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  • "Cellophane" is a vulnerable piano ballad in which FKA Twigs sings of a relationship in the public eye.

    They want to see us, want to see us alone
    They want to see us, want to see us apart

    FKA Twigs started dating Twilight actor Robert Pattinson in September 2014. A number of his fans made it clear on social media they wanted the British star to split from Twigs. She may be referencing that in this song.
  • Cellophane is a packaging material made from cellulose, which is a plant fiber. Here, it is used as a metaphor for the state of the relationship.

    And I don't want to have to share our love
    I try but I get overwhelmed
    All wrapped in cellophane, the feelings that we had

    Cellophane is commonly used to wrap and protect food. However it is transparent and Twigs feels she is unable to guard their relationship against the all-seeing media.
  • Twigs also questions her partner's commitment towards her.

    And didn't I do it for you?
    Why don't I do it for you?

    Though Twigs harbors deep feelings for her lover, she doesn't feel he is reciprocating her love for him.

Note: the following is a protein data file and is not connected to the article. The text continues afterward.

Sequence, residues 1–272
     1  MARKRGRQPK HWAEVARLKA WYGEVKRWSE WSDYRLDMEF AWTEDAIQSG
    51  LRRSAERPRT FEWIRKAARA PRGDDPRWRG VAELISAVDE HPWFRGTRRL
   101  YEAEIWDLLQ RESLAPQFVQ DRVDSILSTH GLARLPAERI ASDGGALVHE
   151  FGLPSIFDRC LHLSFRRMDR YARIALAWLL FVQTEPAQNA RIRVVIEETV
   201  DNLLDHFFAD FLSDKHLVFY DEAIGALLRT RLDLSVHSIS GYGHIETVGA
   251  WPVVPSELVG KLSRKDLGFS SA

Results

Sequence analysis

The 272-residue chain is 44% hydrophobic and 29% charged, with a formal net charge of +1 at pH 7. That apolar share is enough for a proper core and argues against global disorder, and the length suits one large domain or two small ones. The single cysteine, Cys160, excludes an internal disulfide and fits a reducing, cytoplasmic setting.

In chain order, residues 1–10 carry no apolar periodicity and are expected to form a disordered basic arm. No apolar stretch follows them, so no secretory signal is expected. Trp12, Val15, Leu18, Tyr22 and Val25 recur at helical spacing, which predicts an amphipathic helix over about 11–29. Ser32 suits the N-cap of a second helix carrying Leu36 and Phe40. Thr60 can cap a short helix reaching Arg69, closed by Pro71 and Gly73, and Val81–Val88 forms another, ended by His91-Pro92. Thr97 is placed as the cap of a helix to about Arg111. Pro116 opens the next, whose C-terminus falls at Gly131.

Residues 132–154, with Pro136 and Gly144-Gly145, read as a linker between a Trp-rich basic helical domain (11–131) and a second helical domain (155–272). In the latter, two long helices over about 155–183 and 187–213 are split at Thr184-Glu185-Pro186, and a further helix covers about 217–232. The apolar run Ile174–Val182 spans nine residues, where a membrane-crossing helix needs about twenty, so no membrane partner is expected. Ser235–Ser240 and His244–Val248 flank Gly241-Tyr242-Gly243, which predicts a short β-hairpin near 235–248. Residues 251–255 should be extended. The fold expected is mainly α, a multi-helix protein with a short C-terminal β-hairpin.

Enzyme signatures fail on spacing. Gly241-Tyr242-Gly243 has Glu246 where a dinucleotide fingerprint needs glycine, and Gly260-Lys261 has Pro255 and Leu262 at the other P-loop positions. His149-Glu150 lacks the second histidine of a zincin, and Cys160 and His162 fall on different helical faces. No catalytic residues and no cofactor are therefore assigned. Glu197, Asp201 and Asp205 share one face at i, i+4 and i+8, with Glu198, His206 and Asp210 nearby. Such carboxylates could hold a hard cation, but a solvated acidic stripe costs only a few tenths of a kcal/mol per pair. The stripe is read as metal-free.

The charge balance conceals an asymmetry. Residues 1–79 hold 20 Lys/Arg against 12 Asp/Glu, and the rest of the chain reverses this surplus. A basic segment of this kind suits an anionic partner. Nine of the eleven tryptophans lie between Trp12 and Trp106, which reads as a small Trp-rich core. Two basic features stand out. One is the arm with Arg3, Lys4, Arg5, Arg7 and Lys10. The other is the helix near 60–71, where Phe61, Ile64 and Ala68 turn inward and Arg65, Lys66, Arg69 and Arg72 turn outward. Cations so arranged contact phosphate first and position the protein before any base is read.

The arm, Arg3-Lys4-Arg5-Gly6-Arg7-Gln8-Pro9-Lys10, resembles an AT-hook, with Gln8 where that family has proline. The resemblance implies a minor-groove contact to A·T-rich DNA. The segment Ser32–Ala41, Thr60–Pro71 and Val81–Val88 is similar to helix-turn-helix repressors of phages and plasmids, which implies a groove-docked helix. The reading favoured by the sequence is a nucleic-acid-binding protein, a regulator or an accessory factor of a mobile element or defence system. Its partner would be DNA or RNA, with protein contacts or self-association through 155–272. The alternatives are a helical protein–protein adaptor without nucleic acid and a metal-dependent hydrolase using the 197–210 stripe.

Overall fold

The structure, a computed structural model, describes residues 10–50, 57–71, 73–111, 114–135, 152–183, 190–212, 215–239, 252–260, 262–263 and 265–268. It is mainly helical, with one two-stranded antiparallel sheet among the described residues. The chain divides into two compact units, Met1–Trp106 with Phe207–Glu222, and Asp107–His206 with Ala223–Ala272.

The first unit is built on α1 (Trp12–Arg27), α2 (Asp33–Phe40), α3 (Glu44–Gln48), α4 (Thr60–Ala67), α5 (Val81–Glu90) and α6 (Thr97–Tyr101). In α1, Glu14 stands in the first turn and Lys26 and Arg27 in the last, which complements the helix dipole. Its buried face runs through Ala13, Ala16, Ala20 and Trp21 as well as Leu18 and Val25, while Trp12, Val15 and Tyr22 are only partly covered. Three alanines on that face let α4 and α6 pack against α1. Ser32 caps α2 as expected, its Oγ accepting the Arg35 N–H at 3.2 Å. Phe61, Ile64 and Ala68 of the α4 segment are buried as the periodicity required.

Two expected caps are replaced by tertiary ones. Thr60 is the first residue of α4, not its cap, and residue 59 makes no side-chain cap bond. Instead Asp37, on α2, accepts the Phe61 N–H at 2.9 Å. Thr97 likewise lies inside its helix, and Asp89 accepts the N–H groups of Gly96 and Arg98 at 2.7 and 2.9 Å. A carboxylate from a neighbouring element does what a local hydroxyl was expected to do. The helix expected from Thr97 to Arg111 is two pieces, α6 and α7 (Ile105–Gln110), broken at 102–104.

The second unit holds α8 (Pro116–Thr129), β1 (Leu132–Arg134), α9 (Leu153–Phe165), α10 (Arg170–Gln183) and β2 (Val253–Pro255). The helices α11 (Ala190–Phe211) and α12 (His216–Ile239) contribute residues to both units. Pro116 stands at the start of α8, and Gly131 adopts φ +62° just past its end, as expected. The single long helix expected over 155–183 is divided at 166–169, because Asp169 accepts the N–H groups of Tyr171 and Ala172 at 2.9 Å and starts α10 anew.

• Directed by frequent Björk collaborator Andrew Thomas Huang, the "Cellophane" video features Twigs on stage dancing around a pole before plummeting through the sky. The singer spent nine months taking pole dancing lessons in preparation for the clip. In a tweet immediately following the video's release, Twigs said:

    "When I wrote Cellophane over a year ago a visual narrative came to me immediately, I knew I had to learn how to pole-dance to bring it to life."
  • Twigs later released a short film titled Practice showing her in training for the music video.

    "Sometimes when I write something that's really vulnerable like 'Didn't I do it for you? Why don't I do it for you?', in the center of myself, I know that that's a very human feeling," Twigs explained during the film. "So when I thought of the video concept to be asking somebody 'Didn't I do it for you?' while doing these amazing tricks on the pole and getting your life – to me, there's something almost humorous about that. I'm sure other people won't see it that way but to me it's sick and it's funny and it feels powerful."
  • The song's needy lyrics play against Twigs' sexy video. She explained to The Guardian: "I think that, in society, as a woman, you can be this beautiful creature and you want to be that for yourself, but there's also a part of you that is doing it for the approval of the opposite sex. And that can lead you to feeling, 'Am I good enough? Have I done enough?'"
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